Standing in front of Edison, one of the state's lowest-performing schools, Beightol for a moment looked like some kind of sidewalk prophet. He motioned insistently with his hands and warned that teacher turnover would continue unabated unless there were a cultural sea change. Education needed to be valued, educators respected. It's not simply a matter of salaries, he said, but also resources and support trusting teachers to teach instead of constantly saddling them with the FCAT and more overpaid administrators. It began with the new contract.
The diesel-pickup-driving single father, who makes his home on a sailboat off 79th Street, had become a strident, if somewhat quixotic, symbol of deep dissatisfaction with schools. One newspaper profile labeled Beightol "The Insurgent." He was hailed as a hero by some, denounced as a grandstanding wannabe messiah by others. His pickup suffered three unexplained flat tires in two months and, at one point, a screwdriver showed up in the air-conditioning condenser.
With 50,000 employees, the lumbering, bureaucratic megalith that is Miami-Dade's school system is South Florida's largest employer and the state's second largest. Boasting a budget ($6.1 billion) that dwarfs the individual gross domestic products of 50 world nations, it is the region's largest buyer of goods and services, accounting for $3.2 billion in annual purchases from local businesses and $2.3 billion in annual income for local households.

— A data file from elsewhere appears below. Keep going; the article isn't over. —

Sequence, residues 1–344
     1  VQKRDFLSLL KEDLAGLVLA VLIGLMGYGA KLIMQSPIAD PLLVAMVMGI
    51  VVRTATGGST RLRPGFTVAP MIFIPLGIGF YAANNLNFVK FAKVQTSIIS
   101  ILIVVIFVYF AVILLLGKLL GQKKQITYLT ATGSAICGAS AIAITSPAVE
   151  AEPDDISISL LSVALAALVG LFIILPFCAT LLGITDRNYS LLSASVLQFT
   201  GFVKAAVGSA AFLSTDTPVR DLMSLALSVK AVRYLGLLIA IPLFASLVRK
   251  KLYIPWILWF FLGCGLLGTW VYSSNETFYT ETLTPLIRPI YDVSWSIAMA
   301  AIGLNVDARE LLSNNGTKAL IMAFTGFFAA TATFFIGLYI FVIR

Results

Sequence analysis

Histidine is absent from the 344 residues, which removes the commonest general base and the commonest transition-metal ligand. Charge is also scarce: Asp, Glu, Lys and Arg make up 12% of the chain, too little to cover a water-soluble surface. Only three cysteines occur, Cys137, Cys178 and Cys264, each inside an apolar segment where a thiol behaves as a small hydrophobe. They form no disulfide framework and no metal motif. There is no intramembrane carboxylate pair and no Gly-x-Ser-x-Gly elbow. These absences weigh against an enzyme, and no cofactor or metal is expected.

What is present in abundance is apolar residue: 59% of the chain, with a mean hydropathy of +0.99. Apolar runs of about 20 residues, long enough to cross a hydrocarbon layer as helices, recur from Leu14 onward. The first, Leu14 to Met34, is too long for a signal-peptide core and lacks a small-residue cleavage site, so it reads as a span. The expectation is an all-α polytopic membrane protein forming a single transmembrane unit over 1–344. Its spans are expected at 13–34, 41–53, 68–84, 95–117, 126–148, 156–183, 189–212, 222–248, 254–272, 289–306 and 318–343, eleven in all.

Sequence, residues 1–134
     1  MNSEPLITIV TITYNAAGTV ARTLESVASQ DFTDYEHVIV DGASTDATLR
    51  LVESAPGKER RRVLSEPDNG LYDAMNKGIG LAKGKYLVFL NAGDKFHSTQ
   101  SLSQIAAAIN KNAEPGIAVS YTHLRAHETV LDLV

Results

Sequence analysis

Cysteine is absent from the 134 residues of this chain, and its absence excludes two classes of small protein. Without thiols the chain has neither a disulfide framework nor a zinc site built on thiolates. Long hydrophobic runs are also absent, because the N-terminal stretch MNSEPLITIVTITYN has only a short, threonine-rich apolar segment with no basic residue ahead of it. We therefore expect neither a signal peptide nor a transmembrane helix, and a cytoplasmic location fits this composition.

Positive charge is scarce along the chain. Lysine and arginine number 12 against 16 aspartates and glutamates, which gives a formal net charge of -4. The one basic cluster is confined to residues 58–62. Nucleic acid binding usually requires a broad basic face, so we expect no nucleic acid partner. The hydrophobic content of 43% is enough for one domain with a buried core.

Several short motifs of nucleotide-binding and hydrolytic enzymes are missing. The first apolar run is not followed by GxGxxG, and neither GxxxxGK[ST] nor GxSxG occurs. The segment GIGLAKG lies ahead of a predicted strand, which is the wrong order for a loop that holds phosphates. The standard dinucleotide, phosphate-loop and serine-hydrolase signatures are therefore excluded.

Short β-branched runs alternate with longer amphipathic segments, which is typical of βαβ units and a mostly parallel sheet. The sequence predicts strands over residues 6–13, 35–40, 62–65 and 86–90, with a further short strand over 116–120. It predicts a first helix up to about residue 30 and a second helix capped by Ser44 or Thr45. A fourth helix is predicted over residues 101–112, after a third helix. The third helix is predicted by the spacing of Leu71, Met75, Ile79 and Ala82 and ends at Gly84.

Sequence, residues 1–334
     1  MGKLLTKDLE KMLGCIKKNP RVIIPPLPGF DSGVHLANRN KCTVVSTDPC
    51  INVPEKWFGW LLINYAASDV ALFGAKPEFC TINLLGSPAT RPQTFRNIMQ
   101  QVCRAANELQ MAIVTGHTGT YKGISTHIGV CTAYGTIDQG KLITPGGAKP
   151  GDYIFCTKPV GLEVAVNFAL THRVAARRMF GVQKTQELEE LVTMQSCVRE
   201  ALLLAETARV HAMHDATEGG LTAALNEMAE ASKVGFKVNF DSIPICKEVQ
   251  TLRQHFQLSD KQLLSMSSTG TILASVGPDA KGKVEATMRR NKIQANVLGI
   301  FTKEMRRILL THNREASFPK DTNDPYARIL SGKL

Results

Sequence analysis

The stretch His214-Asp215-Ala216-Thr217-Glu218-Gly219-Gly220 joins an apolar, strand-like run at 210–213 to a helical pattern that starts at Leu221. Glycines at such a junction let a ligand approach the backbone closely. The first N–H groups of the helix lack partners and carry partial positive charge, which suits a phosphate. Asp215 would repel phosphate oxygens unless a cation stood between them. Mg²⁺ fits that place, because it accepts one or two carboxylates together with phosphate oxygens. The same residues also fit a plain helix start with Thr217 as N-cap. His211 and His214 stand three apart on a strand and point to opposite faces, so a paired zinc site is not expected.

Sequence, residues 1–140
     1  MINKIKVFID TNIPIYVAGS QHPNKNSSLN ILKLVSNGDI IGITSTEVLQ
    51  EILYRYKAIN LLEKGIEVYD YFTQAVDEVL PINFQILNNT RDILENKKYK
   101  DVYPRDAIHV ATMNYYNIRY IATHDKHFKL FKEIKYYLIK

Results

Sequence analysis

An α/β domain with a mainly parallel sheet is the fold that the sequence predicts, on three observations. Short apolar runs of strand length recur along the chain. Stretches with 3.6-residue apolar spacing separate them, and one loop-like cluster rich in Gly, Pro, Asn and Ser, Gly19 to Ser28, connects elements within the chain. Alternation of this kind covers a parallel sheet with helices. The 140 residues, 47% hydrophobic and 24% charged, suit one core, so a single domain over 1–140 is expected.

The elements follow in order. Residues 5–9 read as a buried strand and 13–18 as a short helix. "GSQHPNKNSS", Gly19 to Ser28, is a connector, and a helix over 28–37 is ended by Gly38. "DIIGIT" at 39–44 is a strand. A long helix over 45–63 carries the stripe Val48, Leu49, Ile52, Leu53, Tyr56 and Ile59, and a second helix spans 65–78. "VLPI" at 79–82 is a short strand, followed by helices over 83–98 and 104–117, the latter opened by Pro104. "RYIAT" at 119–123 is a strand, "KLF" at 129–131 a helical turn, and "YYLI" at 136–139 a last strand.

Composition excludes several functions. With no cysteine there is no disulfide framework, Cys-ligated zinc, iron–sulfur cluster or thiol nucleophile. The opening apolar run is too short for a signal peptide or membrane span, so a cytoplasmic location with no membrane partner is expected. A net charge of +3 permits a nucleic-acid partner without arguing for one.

The district the fourth largest in the nation has largely remained mired in low graduation rates, low test scores, administrative corruption, and deteriorating infrastructure. And so the recent ratification of a three-year contract for the county's 21,000 teachers was heralded as a major breakthrough. It won overwhelming approval from the United Teachers of Dade (UTD), the county's teachers' union.
Florida ranks dead last in education funding when compared against income, and 32nd when it comes to teacher salaries, behind states like Tennessee and South Carolina. Voters' tax gag reflex and expanding homestead exemptions have made raising school dollars here an effort not unlike drawing blood from a stone. Declining student rolls will cost Florida school districts $203 million in state money this year.